Champion 15398 (Gennett mx. GEX 832 – A)
Estimated receipt date based on entered dates for other mx’s

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TRIANGLE HARMONY BOYS (as Alabama Harmony Boys): Chicken Supper Strut

Birmingham: August 1927 — Mx. receipt date not entered (c. August 20)
Champion 15398 (Gennett mx. GEX 838 – A)
Estimated receipt date based on entered dates for other mx’s

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DUNK RENDELMAN & HIS ORCHESTRA (as Down Home Serenaders): Mean Dog Blues

Birmingham: August 1927 — Mx. receipt date not entered (c. August 29)
Champion 15399 (Gennett mx. GEX 852 – A)
Estimated receipt date based on entered dates for other mx’s

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EVA QUARTETTE (W. J. Smith, organ; as Ellington Sacred Quartette): You Can’t Make a Monkey Out of Me

Birmingham: August 1927 — Mx. received in Richmond August 11
Challenge 404 (Gennett mx. GEX 792 – A)
An anti-evolution song. This is one of the few Birmingham sides that is relatively easy to find, appearing on seven different labels under various names.

The Playlist / Discographical Update: Correct Date and Personnel for George E. Lee’s Meritt 2206

MSP_lee-wonder-orch

George E. Lee’s Singing Novelty Orchestra, with Julia Lee (piano)
and George E. Lee (saxophone)

 

Another update to the Meritt label data: Rust’s Jazz Records and derivative works date George E. Lee’s very rare Meritt 2206 as “c. 1927,” which puts them in the right general vicinity — But with help from one of Dave Peyton’s weekly columns in The Chicago Defender (“The Musical Bunch,” April 30, 1927, p. 6), we can narrow that down a bit:

MSP_CD-04-30-1927-p6_lee-me

Based on our ongoing study of the Defender’s own record-release reports vs. confirmed company-reported release dates on other labels, we know that the Defender new-release reports during this period generally lagged the actual release dates by 3–4 weeks, making early April 1927 the most likely release date for Meritt 2206. Subtract the usual 4–6 weeks for master processing, pressing, and shipping, and we have a likely recording date of late February or early March 1927.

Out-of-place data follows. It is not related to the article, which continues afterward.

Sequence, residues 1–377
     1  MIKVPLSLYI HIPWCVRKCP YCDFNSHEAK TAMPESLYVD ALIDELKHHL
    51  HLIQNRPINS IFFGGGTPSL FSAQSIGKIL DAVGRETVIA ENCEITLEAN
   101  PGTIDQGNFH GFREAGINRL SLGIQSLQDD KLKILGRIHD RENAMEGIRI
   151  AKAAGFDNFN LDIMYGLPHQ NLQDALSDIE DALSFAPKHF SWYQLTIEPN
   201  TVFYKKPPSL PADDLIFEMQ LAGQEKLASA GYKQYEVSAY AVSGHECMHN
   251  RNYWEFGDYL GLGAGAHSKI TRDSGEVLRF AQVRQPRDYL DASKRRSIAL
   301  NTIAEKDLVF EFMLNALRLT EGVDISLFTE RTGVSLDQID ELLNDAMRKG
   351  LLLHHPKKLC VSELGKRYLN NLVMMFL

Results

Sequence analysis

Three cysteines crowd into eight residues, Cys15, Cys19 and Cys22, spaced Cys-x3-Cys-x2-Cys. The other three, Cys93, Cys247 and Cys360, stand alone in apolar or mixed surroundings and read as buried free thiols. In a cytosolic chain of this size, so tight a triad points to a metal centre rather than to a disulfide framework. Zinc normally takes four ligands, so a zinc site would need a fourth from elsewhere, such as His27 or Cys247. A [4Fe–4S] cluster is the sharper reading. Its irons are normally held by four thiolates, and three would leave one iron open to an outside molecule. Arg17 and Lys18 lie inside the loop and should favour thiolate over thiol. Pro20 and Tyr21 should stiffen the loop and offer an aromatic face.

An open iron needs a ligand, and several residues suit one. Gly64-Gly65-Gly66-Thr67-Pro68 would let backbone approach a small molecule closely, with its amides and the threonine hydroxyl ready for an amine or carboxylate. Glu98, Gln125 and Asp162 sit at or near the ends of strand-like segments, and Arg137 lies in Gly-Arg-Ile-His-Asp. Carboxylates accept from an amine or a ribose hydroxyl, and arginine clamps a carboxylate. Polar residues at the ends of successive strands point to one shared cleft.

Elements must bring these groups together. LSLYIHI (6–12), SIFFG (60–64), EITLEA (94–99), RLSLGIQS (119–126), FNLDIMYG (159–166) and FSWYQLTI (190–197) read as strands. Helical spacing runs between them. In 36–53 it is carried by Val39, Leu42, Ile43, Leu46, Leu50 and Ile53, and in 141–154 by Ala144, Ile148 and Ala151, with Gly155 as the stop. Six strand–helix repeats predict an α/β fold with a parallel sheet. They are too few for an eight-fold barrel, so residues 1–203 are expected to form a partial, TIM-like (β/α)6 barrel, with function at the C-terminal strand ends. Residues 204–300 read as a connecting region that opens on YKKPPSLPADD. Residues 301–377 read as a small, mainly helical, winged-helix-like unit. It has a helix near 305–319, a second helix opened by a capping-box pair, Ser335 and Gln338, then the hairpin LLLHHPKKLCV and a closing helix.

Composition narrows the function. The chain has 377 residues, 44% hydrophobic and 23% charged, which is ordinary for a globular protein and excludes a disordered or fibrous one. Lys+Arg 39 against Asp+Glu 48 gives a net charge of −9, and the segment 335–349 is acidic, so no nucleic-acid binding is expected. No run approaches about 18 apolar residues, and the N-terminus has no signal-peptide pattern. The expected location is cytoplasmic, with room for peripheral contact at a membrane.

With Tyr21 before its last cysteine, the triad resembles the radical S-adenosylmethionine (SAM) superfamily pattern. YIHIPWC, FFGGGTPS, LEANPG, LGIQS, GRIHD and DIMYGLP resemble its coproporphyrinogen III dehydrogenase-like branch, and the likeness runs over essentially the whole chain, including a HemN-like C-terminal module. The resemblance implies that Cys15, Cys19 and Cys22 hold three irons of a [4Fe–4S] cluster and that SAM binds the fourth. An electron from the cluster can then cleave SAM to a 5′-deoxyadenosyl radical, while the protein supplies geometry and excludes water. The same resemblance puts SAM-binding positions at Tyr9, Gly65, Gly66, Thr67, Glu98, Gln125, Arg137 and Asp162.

According to Winston Holmes’ widow, in her interview with John Randolph, the recordings were made in Holmes’ own Kansas City studio. The exact address is uncertain; Mrs. Holmes recalled that the store moved from 1636 E. 18th Street to 1704 E. 18th Street at some point in 1927, but she did not give a specific date. (In the same interview, Mrs. Holmes also reported that some unissued George E. Lee masters had been stolen from her several years earlier — In case anyone’s seen these…)

Which brings us to the dreaded “Who Says?” Department. The late Brian Rust, up to and including the latest edition of Jazz Records, credited Jesse Stone as pianist and arranger on these sides, with no source cited (nor master numbers, for some reason). However, after a thorough search of the Defender and other period publications, we’ve found no mention of Stone (who had his own band at this time) working with Lee in the spring of 1927; as far as we’ve been able to establish with any degree of certainty, Stone did not join the Lee band until 1929. Then there are the primitive “arrangements” (if they can even be called that), which certainly don’t suggest the work that Stone was doing with his own band.

The current consensus is that Julia Lee, not Stone, is the likely pianist on this session. If anyone out there has credible, primary-source documentation that proves otherwise, please be sure send us the evidence (anyone citing Lords, Wikipedia, and the like will be awarded a digital dunce-cap).
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MSP_meritt-2206A